80. Urban Outdoor Mecca: North Little Rock's Burns Park, at 1,575 acres, is one of the largest city parks in the nation and even has a covered bridge.
81. Largest oxbow lake in America: At Lake Chicot State Park, the Mississippi River Delta's beauty and recreation opportunities come together at Arkansas's largest natural lake. The 20-mile-long oxbow was formed centuries ago when the Mississippi River changed its course.
82. Blue & Gray: Three state historic sites commemorate the Civil War battles of Poison Springs, Marks' Mills and Jenkins' Ferry, all part of the Union Army's Red River Campaign.
83. Springtime Joy to Behold: Lake Frierson State Park is known for its spring blaze of dogwoods, picnic sites, playground and self-guided trail.
84. South Arkansas Natural Showcase: In El Dorado, take a walk through the South Arkansas Arboretum, a 13-acre site of plants indigenous to Arkansas's West Gulf Coastal plain region.
85. That’s a Whole Lot of Water: View Arkansas's largest spring, with an hourly flow of nine million gallons of water, at Mammoth Spring State Park on U.S. 63 in Mammoth Spring.
86. Tri-State View: On a clear day, you can see three states (Arkansas, Texas and Oklahoma) from the 85-foot-high Rich Mountain Fire Tower, located 12 miles west of Mena. The USDA opens the tower on summer weekends and the location is staffed by volunteers.
87. Fine Feathered Friends: A variety of year-round feathered inhabitants and eagles in the winter makes bird watching popular at Millwood State Park in Ashdown.
88.Twinkle Twinkle: Numerous cities showcase festive spirits with thousands of holiday lights as a part of the Arkansas Trail of Holiday Lights.
89. Scenic Switchbacks: Scenic Ark. 23, a National Scenic Byway northward from Ozark to its junction with Ark. 16, is known as "The Pig Trail."
90. It Takes a Village: Enjoy the hiking trails and recreation areas that are part of the hallmarks of the 7,000-acre Village Creek State Park.
91. Visit the 1920s: Virtually unchanged since the 1920s, downtown Hardy is a shopping destination for antiques and crafts. Historic downtown Hardy boasts 43 buildings on the National Register of Historic Places.
92. Wildlife Haven: White Oak Lake State Park near Bluff City offers regular sightings of great blue herons, egrets, ospreys and green herons and wintering eagles.
93. Family Cinema: Pull up a lawn chair or a blanket, break out the picnic basket and enjoy Movies in the Park in Little Rock’s Riverfront Park.
94. German Heritage: The Museum of the Arkansas Grand Prairie in Stuttgart explains the German settlers who gave the town its name and how rice farming came to the state.
95. World’s Largest: Felsenthal National Wildlife Refuge, at 65,000 acres, is the world's largest green-tree reservoir.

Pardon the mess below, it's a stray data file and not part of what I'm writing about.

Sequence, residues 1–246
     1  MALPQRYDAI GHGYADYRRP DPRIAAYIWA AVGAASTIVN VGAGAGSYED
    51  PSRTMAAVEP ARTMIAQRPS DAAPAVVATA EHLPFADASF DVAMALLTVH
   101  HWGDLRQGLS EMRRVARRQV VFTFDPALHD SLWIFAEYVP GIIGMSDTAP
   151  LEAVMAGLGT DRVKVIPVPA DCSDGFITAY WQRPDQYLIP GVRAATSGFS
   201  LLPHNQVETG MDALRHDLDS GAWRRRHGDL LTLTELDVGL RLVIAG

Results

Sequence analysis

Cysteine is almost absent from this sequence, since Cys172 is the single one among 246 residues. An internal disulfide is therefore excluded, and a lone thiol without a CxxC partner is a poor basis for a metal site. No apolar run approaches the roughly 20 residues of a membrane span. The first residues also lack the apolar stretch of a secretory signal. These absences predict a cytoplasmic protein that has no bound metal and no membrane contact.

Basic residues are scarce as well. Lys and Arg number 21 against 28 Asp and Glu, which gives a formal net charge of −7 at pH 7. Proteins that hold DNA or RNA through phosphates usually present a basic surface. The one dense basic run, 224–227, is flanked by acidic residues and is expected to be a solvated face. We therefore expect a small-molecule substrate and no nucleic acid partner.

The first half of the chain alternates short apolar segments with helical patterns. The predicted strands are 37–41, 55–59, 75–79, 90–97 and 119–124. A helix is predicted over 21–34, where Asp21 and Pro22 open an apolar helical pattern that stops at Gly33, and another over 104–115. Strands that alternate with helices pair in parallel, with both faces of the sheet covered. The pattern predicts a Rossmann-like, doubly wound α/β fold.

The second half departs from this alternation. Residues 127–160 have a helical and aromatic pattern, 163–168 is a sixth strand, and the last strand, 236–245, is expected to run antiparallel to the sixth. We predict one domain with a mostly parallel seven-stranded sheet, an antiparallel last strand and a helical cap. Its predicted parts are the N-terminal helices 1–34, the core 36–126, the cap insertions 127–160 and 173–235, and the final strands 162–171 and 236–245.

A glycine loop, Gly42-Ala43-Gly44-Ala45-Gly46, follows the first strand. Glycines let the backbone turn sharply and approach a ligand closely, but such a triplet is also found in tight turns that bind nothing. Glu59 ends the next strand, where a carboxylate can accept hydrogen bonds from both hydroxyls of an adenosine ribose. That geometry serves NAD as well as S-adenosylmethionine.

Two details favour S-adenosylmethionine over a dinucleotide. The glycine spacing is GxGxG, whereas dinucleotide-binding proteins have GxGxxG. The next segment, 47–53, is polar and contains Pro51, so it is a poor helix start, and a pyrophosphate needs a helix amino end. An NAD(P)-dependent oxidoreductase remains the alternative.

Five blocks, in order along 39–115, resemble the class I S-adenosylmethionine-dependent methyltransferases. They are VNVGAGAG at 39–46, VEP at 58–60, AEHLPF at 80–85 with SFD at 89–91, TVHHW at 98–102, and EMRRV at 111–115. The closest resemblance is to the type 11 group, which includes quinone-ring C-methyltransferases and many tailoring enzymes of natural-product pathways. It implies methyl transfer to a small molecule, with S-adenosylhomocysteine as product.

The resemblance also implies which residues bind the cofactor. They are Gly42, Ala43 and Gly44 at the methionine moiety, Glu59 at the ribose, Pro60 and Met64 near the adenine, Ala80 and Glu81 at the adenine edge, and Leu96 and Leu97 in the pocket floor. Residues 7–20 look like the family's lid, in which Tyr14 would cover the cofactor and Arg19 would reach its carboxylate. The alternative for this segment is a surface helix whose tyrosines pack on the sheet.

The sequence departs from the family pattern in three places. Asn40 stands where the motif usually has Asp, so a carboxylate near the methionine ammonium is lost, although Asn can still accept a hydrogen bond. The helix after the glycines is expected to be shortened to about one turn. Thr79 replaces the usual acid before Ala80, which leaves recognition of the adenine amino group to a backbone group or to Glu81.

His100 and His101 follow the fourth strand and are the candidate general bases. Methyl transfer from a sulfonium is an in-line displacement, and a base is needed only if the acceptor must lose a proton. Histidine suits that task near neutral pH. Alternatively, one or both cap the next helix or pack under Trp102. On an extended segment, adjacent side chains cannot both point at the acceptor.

96. Child Ingenuity: Designed from suggestions made by area children, Little Rock’s Peabody Splash Pad includes outdoor and underground rooms, large native stones and water spray area.
97. Old Man (Arkansas) River: Exhibits tell the story of the River Valley at the Arkansas River Visitors Center. It also offers wildlife exhibits, an audio visual presentation, and a great location for watching barges pass through the locks.
98. Before it was Mountain Home: Visit Rapps Barren Settlement, historic buildings in a village setting that illustrates Mountain Home's early days.
99. Small but Proud: Surrounding the monument to Private Herman Davis, an Arkansas farm boy and WWI hero, is Herman Davis State Park in Manila.
100. Valuable Land: Dallas County's early plantation life, which was dominated by the timber industry, and the stories of the people who worked the land comprise the Dallas County Historical Museum.
101. Watch the Birdie: The predominately wooded path of Bell Slough Nature Trail covers 2.25 miles south of Conway and is great for birding.
102. Cache In: Geocaching is a treasure hunt using a Global Positioning Satellite (GPS) device to hide and seek containers along with others taking part in the activity.
103. Arkansas’s Eden: Hike to Eden Falls. The water cascades from tall, moss-lined rocks and boulders in a narrow canyon in the Buffalo National River Park.
104. Mind Clearing: Walk the Turtle Moon labyrinth, located in a natural setting by Cedar Creek in a native bird sanctuary, it is a classic 7-circuit labyrinth open free to the public daily.
105. Walk Through America’s Past: Bentonville’s Museum of Native American History has artifacts from more than 14,000 years ago. Exhibit rooms span the Paleo, Archaic, Woodland, Mississippian, Historic and Pre-Columbian periods arranged in chronological order.
106. Native to Arkansas: The Matilda & Karl Pfeiffer Museum & Study Center in Piggott offers mineral specimens, Native American artifacts, and trails that provide a view of the pond. This pond was once a pool used in the classic 1957 movie "A Face in the Crowd."
107. Music, Music, Music: The Bull Shoals Theater of the Arts showcases local area artists. The Li’l Opry, is every Monday night through late September from 6 p.m.-8 p.m. 1015 Central Avenue, Bull Shoals.
108. Sad Journey Reminder: Cadron Settlement Park, on the Arkansas River, was a stop on the Cherokee Trail of Tears Memorial Hike. It also offers boat launching ramp, picnic areas, pavilion; Blockhouse restoration, historical markers.
109. Back to the Sixties: In Walnut Ridge, experience the fateful 1964 visit from The Beatles. Check out The Beatles Sculpture and the Guitar Walk, which honors musicians who played along the nearby Rock ‘N’ Roll Highway 67.
110. Guiding Light: The local landmark, Christ of the Ozarks Statue, can be seen for miles or you can visit it up-close. The seven-story statue is lighted for night viewing. Created by Emmett Sullivan, one of Mount Rushmore's creators.
111. Free Fishing for Kids: Children may fish free if they are under the age of 16 at any of the Arkansas Game & Fish Commission Family and Community Ponds. They are stocked with catfish and trout.